The plot of Charles Smith’s “Freefall” is nothing special. After five years in prison, Monk (John Bentley), a thief, shows up on the doorstep of his brother Grant (Terry Bellamy) to reconnect, in his awkward way. Trouble is, Grant is the cop who put Monk in the slammer, so the boys have a few differences to work out. Meanwhile, Grant’s wife, Alex (Marvette Knight), wants to visit her folks for Christmas and is upset that her husband is preoccupied with Monk, whom Grant knows is sleeping on the street and is one snort away from backsliding into drugs and, ultimately, prison.
The style of the play is as straiight forward as they come. It takes place in Grant and Alex’s living room and never once deviates from the cookiecutter confines of drawing-room realism. Fortunately, “Freefall” is saved from descending into hackneyed bell by its characters, who are deeply and complexly bound by a Gordian knot of pain, guilt, remorse, regret, love, anger, denial, grief and resentment. As sibling rivalries go, Monk and Grant’s is a doozy, and the cast does a remarkable job of carving out the tense emotional territory between them.
As Grant, Bellamy seethes beneath an implacable facade, communicating in no uncertain terms that if he ever allows his voice to rise above a tortured whisper, someone is going to get hurt. Likewise, Bentley, as Monk makes his character walk a delicate line. It’s difficult to guess what Monk is thinking or what he might do, which lends his onstage presence a dangerous edge even when he’s trying to be nice.
Knight, as Alex, is the woman caught between these two homicidally stubborn men, and she, of course, is the one who must convince them to do the civilized thing and talk out their differences. Knight is extraordinary as the indignant wife with spitfire sensibilities.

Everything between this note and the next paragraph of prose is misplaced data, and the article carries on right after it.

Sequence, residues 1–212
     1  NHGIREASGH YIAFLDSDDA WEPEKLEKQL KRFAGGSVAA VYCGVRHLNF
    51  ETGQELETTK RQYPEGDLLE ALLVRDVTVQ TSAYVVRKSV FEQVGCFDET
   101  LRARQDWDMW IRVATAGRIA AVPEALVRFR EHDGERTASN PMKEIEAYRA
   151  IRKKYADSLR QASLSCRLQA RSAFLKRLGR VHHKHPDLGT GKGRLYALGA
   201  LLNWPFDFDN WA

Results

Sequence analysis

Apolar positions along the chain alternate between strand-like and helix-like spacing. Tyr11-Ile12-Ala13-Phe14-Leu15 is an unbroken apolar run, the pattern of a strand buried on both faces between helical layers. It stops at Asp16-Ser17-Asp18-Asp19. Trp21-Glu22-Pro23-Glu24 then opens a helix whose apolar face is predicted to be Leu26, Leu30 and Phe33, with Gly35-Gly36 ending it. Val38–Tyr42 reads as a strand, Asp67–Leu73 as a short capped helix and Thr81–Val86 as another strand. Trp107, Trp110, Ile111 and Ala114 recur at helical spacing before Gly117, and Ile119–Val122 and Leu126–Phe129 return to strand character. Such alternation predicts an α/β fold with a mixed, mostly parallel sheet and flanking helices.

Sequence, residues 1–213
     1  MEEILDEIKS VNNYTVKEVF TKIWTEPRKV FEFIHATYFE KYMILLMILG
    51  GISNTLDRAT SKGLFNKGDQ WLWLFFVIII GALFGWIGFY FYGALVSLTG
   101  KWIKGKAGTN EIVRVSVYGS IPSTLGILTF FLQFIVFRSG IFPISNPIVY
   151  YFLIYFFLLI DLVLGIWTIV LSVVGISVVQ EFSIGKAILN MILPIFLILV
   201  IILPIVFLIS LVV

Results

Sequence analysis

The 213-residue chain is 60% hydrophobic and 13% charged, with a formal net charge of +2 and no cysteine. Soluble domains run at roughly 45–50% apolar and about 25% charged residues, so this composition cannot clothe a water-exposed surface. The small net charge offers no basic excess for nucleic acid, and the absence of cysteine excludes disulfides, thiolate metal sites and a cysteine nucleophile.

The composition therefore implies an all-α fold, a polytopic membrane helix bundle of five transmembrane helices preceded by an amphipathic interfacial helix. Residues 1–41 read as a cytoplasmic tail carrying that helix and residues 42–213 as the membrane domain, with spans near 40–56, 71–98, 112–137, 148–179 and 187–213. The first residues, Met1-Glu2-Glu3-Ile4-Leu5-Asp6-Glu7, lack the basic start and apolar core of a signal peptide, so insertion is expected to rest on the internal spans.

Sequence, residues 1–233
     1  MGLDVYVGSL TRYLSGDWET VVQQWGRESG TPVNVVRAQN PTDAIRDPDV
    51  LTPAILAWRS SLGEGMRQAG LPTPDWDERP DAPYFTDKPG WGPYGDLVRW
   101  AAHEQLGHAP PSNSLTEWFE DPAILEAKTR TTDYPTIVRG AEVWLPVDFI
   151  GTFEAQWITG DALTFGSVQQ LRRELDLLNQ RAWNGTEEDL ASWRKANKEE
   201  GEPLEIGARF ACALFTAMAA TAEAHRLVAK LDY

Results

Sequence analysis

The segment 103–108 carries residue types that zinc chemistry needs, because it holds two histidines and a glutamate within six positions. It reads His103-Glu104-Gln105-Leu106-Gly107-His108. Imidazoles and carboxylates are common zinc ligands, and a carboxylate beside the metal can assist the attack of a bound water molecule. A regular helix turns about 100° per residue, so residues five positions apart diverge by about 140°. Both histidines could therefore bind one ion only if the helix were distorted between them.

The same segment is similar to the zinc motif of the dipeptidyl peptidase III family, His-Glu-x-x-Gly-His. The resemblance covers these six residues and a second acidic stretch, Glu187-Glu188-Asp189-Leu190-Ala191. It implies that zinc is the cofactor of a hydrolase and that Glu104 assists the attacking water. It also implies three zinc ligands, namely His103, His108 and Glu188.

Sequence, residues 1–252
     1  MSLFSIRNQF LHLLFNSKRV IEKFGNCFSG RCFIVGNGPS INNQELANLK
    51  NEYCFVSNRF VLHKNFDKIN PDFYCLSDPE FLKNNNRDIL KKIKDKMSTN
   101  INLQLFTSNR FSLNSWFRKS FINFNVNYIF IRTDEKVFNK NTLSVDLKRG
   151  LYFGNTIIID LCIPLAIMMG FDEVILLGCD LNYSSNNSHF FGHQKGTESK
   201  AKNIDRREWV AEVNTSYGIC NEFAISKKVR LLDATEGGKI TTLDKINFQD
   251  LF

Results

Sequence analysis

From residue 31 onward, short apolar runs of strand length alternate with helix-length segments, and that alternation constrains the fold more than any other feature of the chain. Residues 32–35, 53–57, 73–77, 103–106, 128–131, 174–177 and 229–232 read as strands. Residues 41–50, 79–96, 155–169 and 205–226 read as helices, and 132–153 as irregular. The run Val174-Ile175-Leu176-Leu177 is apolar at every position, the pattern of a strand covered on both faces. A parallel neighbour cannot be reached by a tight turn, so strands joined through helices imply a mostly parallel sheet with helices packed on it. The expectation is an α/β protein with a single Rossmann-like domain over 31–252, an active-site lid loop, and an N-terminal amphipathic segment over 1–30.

Aside from good acting and a better than average script, “Freefall” also features some interesting meditations on the idea of home as it relates to the criminal underclass. Upon his release from prison, Monk is thrown into the world essentially homeless, and at one point almost rationalizes a return to dealing drugs by reasoning that for people like him, prison isn’t so bad: The walls offer security and keep the elements at bay; the meals are regular and free; there is always a place to sleep and people to talk to; and library privileges help pass the time in a constructive manner.
In the outside world, Monk must fend for himself, and is forced by a dealer named Spoon (played by the deliciously sinister Alexander Brooks Parker) to choose between “the brotherhood” and his brother. For a price, the brotherhood offers protection and money and a sense of belonging — all attributes of home. The love is hardly unconditional, though. And what Monk is looking for and has always lacked is a home in the sense of a social safety net, a place where people will catch him no matter how fast or far he is falling (hence the play’s title).
While the story would probably make a lousy television show and a worse movie , it is in fact a taut emotional drama, rising above its not-so-promising origins to deliver a surprisingly effective emotional wallop. The method by which this is achieved is relentlessly conventional, but crisp, sensitive directing by Jacqueline Moscou brings everything to a compelling, tearful climax — home, so to speak.